Song: “Tryin’ to Get to Heaven”
Album: Time Out of Mind
Release Date: September, 1997
The book synopsis of Richard Knights 2001 travel and music guide The Blues Highway: New Orleans to Chicago reads:
“The Blues Highway is a classic road trip through the cradle of musical innovation in America. This definitive travel and music guide follows Highway 61 and the Mississippi River to explore the roots of jazz, blues, Cajun, zydeco, country, gospel, soul, and rock & roll music. Trace the story from Congo Square in New Orleans to down-home Delta blues joints then on to Memphis, Nashville, St. Louis, Davenport, and eventually to Chicago”
Knight’s travel book takes you south to north, which is the direction the blues spread. But you can also go downstream in the opposite direction, which I believe is the route Bob Dylan went when he was writing music for his great comeback album Time Out of Mind. I’ll get to that soon enough. First I’d like to share a similar experience I had only a few years prior to the release of that album (if you want to cut to the Dylan angle however, you can leap forward 9 paragraphs).
Back in the early 90s I had one of the most interesting work trips of my career (and I’ve had a number of them, including the one through Bob Dylan’s hometown of Hibbing, Minnesota several weeks ago – see Master Blueprints # 9 and 10). The final destination was Mobile, Alabama (from my home base in Boston), which in and of itself was a bluesy experience; my own version of “stuck inside of Mobile”. But the journey to-and-fro proved just as interesting. It included an unplanned snow-bound night in Chicago and a return-night stay in New Orleans, both of which involved great blues music. It also included an extra leg to San Antonio and Big Bend National Park, but that’s another story.
A month or so before the Mobile conference, I got wind of an inner-agency policy whereby if you could prove in a cost-compare report that a modified itinerary was less expensive than a direct trip, then headquarters would accept it as part of your travel authorization. Boston to Mobile and back was a pretty steep fare at the time due to Mobile being a small airport that required two connecting flights. But Boston to New Orleans – a 3 hour drive from Mobile - was much cheaper; to such an extent that an added leg to San Antonio could easily fit under the cost bar (which was the intention, as I wanted to meet up with my wife who was flying there directly from Boston to connect with her extended family). The cost compare was approved.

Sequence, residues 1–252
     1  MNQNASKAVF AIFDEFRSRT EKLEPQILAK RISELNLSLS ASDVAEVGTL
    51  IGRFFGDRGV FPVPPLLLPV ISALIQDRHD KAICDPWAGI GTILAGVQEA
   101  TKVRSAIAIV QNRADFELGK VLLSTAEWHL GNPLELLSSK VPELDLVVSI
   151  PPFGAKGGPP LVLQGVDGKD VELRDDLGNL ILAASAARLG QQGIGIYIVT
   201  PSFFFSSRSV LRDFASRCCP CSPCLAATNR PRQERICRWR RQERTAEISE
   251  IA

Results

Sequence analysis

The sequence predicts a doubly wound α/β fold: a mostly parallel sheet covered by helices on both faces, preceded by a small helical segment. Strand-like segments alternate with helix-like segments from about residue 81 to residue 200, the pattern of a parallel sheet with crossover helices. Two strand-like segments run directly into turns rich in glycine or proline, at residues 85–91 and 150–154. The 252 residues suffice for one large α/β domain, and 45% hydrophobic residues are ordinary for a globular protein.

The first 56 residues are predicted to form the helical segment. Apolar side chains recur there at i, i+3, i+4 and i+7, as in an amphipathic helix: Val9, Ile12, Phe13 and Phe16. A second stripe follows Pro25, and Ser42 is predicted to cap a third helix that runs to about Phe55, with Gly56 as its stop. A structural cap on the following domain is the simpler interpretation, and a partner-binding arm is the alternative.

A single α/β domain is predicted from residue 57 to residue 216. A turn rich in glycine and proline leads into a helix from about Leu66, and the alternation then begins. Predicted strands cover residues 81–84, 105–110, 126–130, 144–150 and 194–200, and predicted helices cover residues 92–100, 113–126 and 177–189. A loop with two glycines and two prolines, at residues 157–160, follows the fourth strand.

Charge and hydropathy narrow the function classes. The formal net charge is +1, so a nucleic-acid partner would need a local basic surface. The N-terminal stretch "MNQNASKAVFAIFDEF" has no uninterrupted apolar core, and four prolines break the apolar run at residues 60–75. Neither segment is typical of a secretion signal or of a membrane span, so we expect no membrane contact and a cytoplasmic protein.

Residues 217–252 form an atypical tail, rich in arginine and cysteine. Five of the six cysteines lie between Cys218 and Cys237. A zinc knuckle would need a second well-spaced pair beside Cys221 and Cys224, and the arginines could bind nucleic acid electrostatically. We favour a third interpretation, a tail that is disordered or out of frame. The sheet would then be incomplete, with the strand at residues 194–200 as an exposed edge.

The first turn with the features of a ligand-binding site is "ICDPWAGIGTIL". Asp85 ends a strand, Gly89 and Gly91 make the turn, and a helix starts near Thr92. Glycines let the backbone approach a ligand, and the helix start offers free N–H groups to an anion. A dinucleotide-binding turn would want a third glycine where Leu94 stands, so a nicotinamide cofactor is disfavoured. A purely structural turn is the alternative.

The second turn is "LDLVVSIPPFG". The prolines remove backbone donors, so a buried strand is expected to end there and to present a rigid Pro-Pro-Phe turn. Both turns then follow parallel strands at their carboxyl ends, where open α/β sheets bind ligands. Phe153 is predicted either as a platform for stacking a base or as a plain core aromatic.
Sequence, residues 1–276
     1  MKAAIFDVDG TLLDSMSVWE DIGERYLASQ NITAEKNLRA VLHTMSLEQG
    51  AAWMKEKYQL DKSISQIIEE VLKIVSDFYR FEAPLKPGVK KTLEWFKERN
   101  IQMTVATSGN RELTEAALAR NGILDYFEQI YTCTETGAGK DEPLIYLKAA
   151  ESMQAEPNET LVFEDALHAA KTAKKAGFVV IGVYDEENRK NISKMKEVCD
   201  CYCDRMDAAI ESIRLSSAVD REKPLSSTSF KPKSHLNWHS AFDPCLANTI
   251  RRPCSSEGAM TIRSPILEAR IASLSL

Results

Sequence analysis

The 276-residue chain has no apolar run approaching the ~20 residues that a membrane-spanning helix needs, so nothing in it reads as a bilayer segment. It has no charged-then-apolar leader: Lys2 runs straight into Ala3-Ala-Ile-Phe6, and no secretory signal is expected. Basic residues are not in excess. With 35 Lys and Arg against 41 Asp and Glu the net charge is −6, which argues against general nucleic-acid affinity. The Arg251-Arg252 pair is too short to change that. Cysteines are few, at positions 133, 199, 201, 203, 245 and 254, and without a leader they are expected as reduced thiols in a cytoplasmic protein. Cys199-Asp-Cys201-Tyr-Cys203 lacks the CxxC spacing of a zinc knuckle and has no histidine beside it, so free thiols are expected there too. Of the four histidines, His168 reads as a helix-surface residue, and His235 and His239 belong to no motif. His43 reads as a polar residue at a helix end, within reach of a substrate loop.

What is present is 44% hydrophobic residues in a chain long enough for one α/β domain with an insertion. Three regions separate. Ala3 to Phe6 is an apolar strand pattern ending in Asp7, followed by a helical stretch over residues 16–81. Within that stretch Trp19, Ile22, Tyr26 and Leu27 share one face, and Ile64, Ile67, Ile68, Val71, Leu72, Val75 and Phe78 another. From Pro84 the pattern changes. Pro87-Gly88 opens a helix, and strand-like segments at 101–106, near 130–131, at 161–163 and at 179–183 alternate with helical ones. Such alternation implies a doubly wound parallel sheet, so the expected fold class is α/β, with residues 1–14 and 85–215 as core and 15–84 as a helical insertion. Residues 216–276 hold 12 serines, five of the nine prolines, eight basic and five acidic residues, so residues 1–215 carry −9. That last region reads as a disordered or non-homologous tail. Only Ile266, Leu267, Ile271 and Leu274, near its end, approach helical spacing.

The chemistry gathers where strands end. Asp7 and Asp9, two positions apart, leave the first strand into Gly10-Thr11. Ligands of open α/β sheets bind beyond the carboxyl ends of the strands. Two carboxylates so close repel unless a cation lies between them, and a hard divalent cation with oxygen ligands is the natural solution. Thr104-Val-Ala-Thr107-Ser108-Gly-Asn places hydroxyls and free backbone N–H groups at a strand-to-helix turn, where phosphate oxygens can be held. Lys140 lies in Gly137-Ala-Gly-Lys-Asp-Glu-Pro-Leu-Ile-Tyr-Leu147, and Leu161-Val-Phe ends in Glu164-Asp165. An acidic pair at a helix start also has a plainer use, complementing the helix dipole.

I had no problem with the notion of landing in the Big Easy and driving the ~ 150 miles east and back. I’d only been there once before a few years earlier, and I loved it. I also liked the idea of travelling along the Gulf Coast; from New Orleans, over Lake Pontchartrain into Mississippi, then down coastal route 90 thru Gulfport and Biloxi (where I would meet my wife's cousin and his wife for dinner) and finally a loop back up to the main highway (Rte. 10) for the last leg across the Alabama border to Mobile. This was all part of my plan, but the stranding in Chicago was not.
The Friday before my travels, which were supposed to commence on Sunday, I picked up on a weather report calling for a large snowstorm moving into the Boston area from the west. It did not look good for my flight out and my admin officer agreed, so we moved my flight up to Saturday (a number of colleagues in the northeast ended up missing the conference due to Sunday flight cancellations). I got out of Boston early that morning and landed in Chicago fine enough. Only problem was, the same storm that was heading to Boston was already dumping on Chicago. I was hoping it was early enough to get in and out. Check for getting in. Not so for getting out, as not long after landing, all flights in and out of Chicago were cancelled for the day. I was screwed.